The city of Santa Clarita’s Artist Selection Committee recommended the proposed artist for the civic art project at the Santa Clarita Valley Sheriff’s Station on Thursday to the city’s Arts Commission.
On May 28, 2019, the Santa Clarita City Council approved the construction of the new SCV Sheriff’s Station, and at that time the funding was appropriated for the design, construction and installation of civic artwork in accordance with the city’s Civic Art Policy.
An artist selection committee was formed consisting of Arts Commissioner Patti Rasmussen, Same Lee as an arts expert, Allison Porterfield as a professional arts administrator, Anne-Elizabeth Sobieski as a local professional artist and sheriff’s Capt. Justin Diez as a community member.
“I am proud to have been involved with the artist selection committee for this project,” said Diez. “When people come into the lobby of the Santa Clarita Valley Sheriff’s Station, they could be facing a very difficult time in their life. The committee wanted to select a piece that was welcoming and comforting to visitors.”
The applications were evaluated based on criteria such as consideration of site specificity, visual impact, creativity and strength of the artist’s past completed work.
Four semi-finalists were selected out of 61 submissions. The four were interviewed in January, leading to the committee’s selection of artist Blessing Hancock’s concept proposal to move forward to the Arts Commission.
“It was kind of hard, I mean, it (the submissions) was so beautiful,” said Rasmussen.
Hancock’s concept for the civic artwork involves a series of suspended sculptural lanterns, ranging in size from 2 feet to 5 feet, with a total dimension of 17 feet long, 13 feet wide, and 10 feet high.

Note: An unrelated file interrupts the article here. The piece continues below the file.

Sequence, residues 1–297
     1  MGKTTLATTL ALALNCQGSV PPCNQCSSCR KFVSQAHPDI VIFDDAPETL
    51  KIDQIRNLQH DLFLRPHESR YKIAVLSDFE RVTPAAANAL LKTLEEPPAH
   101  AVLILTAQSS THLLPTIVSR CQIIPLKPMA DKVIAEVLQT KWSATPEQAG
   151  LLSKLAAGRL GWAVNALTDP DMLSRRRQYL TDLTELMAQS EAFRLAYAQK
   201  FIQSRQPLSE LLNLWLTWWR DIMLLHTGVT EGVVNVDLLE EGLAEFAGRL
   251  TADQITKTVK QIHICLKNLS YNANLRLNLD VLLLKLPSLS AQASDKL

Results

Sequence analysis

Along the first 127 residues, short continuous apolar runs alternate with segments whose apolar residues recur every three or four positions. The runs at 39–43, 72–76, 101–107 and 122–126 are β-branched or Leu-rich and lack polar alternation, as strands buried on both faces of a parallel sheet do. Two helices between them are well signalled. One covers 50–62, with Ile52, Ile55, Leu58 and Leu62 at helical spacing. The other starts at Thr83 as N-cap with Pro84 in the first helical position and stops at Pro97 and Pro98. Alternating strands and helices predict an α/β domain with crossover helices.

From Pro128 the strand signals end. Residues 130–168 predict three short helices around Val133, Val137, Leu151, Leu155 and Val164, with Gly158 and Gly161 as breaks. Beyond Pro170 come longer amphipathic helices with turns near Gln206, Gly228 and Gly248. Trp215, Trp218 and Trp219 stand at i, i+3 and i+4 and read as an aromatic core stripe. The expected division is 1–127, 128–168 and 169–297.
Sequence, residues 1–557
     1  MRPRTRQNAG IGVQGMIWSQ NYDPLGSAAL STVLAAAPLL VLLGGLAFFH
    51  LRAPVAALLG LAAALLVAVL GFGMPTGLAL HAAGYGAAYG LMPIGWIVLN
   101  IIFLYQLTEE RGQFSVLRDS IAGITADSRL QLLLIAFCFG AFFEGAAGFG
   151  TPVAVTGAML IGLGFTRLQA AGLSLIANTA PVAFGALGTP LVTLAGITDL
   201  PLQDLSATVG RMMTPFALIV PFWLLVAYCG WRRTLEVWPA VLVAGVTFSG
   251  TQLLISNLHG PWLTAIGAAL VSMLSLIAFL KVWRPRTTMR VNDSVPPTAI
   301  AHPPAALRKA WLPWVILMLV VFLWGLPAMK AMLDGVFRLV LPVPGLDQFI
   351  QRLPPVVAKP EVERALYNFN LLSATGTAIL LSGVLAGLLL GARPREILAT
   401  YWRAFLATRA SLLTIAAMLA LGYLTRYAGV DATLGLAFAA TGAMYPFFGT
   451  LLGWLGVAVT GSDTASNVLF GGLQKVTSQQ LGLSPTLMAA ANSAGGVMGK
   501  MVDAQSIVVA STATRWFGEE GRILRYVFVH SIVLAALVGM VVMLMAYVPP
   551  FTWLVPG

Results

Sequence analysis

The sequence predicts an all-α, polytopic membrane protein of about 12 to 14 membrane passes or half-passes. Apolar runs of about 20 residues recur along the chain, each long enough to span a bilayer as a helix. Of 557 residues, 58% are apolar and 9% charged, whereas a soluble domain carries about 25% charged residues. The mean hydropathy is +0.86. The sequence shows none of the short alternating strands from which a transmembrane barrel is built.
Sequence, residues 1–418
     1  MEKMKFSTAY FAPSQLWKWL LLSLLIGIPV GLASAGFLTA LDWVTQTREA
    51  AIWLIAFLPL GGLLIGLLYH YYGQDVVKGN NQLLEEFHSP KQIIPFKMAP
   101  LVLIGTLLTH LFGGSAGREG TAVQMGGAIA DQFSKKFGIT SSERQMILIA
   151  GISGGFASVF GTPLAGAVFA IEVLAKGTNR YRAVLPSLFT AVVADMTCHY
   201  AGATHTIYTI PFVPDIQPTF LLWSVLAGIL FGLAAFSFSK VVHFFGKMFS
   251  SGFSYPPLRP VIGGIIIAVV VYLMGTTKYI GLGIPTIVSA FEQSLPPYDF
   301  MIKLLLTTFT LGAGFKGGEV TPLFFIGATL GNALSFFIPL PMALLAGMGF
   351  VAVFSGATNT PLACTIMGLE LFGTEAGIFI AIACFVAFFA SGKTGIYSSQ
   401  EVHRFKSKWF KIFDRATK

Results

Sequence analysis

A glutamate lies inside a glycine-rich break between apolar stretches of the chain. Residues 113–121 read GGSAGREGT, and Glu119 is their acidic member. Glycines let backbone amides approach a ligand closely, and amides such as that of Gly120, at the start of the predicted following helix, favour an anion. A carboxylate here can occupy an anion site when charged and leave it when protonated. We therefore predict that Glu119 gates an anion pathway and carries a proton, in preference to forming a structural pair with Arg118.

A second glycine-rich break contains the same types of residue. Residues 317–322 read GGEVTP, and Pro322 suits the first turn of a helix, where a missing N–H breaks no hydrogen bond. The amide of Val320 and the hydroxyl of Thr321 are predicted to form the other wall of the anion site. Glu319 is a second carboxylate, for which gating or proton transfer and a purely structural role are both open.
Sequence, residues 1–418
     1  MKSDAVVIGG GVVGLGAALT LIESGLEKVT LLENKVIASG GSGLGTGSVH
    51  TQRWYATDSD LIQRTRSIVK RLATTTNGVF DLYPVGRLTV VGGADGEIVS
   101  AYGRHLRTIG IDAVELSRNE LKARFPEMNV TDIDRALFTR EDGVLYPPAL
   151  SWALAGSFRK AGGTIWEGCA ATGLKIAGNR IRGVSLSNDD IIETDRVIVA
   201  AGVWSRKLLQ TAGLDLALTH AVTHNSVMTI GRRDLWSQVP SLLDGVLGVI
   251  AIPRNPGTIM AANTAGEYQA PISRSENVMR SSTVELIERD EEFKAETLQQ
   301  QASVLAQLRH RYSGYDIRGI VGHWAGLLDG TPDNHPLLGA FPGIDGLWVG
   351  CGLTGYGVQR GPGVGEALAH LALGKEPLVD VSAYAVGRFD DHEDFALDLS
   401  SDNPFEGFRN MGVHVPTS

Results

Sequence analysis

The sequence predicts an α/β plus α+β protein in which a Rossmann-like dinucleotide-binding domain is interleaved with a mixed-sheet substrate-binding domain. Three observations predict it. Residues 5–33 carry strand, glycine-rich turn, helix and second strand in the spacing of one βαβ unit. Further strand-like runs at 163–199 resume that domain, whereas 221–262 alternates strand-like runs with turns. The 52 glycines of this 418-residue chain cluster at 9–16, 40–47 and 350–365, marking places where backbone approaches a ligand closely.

The design incorporates imagery that speaks to the values of the Los Angeles County Sheriff’s Department and the surrounding communities, with inspiration drawn from the star badge design and language to represent safety and security.
“We were really big about, most everybody on the committee, when you walked into the station, that it was more of a feeling of safety,” said Rasmussen. “You feel like this is a place that could give you some help. That you feel welcome to be in. We wanted it to be timeless.”
The lanterns will be made of water-jet-cut metal with custom imagery patterns, polycarbonate, and LED lighting.
The proposed location for the artwork is the lobby of the SCV Sheriff’s Station, where it is intended to create a visual experience that engages visitors and reflects the values of the LASD and the local community.
The installation will be coordinated with the city of Santa Clarita during the final design phase, with an emphasis on durability, low maintenance and safety.
Once the Arts Commission recommends Hancock’s proposal, staff will prepare a memo for the City Council and place an item on a future City Council agenda for final approval.
Jennifer Shadle, the arts and events administrator for the city, said that if the project is granted approval, the project should take, if all goes according to plan, one year to finish.
Back in 2017, the City Council passed the Civil Art Ordinance, which allows an extra 1% to be added to a capital project’s budget for civic cart.
Projects approved for the 1%, under the Civil Art Ordinance, will be funded by the city.
The preliminary budget for the project is set as follows:
- Materials/Fabrication – $96,623.
- Project consultants – $15,000.
- Transportation – $4,000.
- SitePrep/Installation – $15,000.
- Insurance – $2,000.
- Artist travel – $3,000.
- Artist fee – $40,000.
- Project contingency – $15,000.
- Total – $190,623.
According to Rasmussen, the city’s Arts Commission made the decision on Thursday to send the piece back to the staff for clarification from Hancock on the cut-out design on the stars.
Officials expect the civic art project at the SCV Sheriff’s Station to be a significant addition to the facility, enriching the human experience and creating an atmosphere of participation, curiosity, and connection to the community through art.
“I think our city is really growing in the appreciation for art and it just keeps going,” said Rasmussen. “They always say that art really shows you what kind of city you have, and I think that our pieces are amazing, so I’m really excited to be part of it.”